The cricketer Colin McDonald, who has died aged 92, was a fine opening batsman for Australia and a more or less constant force for his country during a 47-game stretch that ran from 1952 to 1961, covering 14 Test series at home and abroad.
He was widely admired for his courage and tenacity and, although there was much more to McDonald’s game than mere grittiness, he was undoubtedly at his best when conditions were testing. The strongest evidence of that came with an outstanding performance in the “Laker Test” against England at Old Trafford in 1956, when Jim Laker took a world record 19 wickets in the match and McDonald was one of the few Australians to offer any measure of resistance, making the top score in both innings with 32 and 89.
Given the conditions – McDonald complained that the Manchester pitch was “like Bondi beach” in the first innings and “a mud heap” in the second – he justifiably regarded his five-and-a-half-hour 89 as the best knock of his life. “All we could do was get beaten, which we did, but I almost got Australia into a position where there was a vague chance that we might save it,” he said. Peter Richardson, an opponent in that match, later maintained that McDonald’s 89 was “one of the best innings that has ever been played in Test cricket”.
Australia lost the series that year, but when they hosted England on their own soil two seasons later McDonald’s dependability at the top of the order was a key factor in his side winning back the Ashes. Amassing 519 runs at an average of 64.87, he had his highest Test score of 170 at Adelaide, and made 133 and 51 not out in the final match at Melbourne, setting up comfortable Australian victories on both occasions. It was the high point of an admirably consistent career that ended owing to injury just two years later.
McDonald was born in the Glen Iris area of Melbourne, the younger son of Arthur, a librarian, and Violet (nee Dyall); his brother, Ian, also became a first-class cricketer. From Scotch college he went to Melbourne University, playing for Melbourne cricket club before making his debut for Victoria at the age of 19 in early 1948.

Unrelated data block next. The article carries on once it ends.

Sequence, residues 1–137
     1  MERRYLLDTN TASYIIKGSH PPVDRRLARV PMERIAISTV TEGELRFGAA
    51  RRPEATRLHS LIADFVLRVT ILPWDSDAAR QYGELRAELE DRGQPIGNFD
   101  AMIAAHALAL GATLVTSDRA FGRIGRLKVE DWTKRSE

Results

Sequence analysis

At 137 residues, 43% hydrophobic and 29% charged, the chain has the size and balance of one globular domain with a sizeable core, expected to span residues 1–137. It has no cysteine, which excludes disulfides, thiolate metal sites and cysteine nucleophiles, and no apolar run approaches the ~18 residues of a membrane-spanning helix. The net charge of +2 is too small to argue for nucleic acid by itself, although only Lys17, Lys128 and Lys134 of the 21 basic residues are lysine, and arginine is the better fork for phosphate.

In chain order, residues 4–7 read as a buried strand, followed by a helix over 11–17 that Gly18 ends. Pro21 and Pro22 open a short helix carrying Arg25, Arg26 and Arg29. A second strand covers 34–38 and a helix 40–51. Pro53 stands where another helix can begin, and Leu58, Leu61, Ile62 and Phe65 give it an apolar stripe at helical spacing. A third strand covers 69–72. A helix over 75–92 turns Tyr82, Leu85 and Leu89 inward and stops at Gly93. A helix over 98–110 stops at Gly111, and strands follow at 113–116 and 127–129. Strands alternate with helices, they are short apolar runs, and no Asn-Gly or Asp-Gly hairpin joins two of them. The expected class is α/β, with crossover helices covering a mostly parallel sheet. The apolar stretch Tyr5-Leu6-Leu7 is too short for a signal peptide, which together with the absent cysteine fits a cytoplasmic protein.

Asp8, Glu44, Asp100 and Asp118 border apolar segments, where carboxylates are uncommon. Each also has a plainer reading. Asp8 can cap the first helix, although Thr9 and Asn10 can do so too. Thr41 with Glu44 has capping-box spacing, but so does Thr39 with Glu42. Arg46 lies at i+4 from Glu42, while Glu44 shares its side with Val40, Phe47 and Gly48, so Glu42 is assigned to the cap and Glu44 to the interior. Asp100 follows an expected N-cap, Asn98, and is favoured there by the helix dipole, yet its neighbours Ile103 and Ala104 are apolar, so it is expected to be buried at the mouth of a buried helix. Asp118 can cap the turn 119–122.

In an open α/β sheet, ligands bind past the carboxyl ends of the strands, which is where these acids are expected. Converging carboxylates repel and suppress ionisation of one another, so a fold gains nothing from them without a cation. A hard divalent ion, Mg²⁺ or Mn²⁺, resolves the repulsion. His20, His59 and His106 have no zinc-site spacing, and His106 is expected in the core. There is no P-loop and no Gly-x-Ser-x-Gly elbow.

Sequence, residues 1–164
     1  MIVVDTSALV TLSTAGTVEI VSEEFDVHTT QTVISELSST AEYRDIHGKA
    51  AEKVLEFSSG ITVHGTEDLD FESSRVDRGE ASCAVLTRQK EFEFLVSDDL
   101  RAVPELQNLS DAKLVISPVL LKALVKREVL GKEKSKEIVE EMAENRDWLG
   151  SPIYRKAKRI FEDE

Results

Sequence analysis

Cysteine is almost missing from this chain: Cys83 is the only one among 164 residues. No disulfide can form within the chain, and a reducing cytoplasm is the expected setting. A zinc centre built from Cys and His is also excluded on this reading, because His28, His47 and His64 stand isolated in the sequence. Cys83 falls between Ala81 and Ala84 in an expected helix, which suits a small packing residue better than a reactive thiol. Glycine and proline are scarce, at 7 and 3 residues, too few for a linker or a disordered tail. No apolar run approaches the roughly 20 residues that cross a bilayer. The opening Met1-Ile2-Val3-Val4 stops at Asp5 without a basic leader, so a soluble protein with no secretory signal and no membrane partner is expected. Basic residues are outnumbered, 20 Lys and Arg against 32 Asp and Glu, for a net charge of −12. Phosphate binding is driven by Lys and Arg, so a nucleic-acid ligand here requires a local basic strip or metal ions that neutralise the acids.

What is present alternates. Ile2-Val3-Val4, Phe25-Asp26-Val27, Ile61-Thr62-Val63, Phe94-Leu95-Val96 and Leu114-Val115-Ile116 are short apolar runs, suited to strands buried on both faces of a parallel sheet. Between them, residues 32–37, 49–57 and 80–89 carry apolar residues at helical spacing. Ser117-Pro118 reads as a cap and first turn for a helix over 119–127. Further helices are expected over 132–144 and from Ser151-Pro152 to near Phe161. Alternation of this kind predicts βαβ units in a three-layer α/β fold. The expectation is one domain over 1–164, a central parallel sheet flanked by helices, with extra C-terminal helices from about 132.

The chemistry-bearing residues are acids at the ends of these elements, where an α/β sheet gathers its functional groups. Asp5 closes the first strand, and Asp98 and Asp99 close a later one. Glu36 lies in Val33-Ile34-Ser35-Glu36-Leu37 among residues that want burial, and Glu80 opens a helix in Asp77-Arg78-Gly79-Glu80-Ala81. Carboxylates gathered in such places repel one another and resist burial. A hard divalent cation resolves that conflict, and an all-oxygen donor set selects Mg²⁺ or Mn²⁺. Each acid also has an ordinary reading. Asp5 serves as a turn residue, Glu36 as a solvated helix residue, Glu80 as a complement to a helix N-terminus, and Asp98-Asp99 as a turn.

It took only four years for Australia to call on him – in the final Test of the series against West Indies at Sydney in early 1952, alongside Richie Benaud, a fellow debutant. McDonald impressed immediately with scores of 32 and 62 and then played all five Tests in the subsequent 1952-53 home series against South Africa, averaging 48.55 and scoring 154 in the fourth Test at Adelaide.
On the Ashes tour to England in 1953, his form took an alarming dip in the early warm-up games, and as a result he failed to feature in any of the Tests that summer. But after returning to the side at home against England in early 1955, he scored 186 runs at 46.50 in the last two Tests and became an automatic selection thereafter.
Averaging 64.14 against the West Indies at home in 1955, he stood out in the Ashes series in England the following year as one of the few players who could get to grips with Laker. Classically side-on, favouring the back foot and with a short backlift, he was a natural opener who could stand up to fast bowling with determination. But as he demonstrated at Old Trafford, he was also a skilful player of spin.
Retirement came prematurely in 1961, while McDonald was still in his early 30s. On tour with Australia in England that year he had bought a small van to get himself around the country; it had a horribly stiff gear lever, and after having played three Tests of the series he ended up badly damaging his wrist through repeatedly trying to crunch the stick into action.
An operation improved matters slightly, though not enough for McDonald to resume his Test career, and after three valedictory matches for an International XI on tour in Rhodesia and Pakistan, plus a final match with Victoria in 1962, he bowed out altogether. He had a batting average of 39.32 in Tests, including five centuries and 17 half-centuries, and 40.48 in the first-class game.
After a short period as a schoolteacher, McDonald worked as an insurance broker while also doing TV cricket commentaries for ABC. Eventually, he became involved in sports administration, serving as executive director of the Lawn Tennis Association of Australia from 1976 to 1987 and playing a significant role in the creation of a new national tennis centre in Melbourne, which hosts the Australian Open. He became secretary of the National Tennis Centre Trust from 1987 until his retirement in 1990.
Always interested in politics – “I used to be enthusiastically Liberal, now I’ve gone a long way down the leftwing track,” he said in 2010 – he served as a Melbourne city councillor from 1963 to 1973. He was made a member of the Order of Australia in 2014.
He married Lois Ahlston in 1956, and they had a daughter, Karin.
• Colin Campbell McDonald, cricketer, born 17 November 1928; died 11 January 2021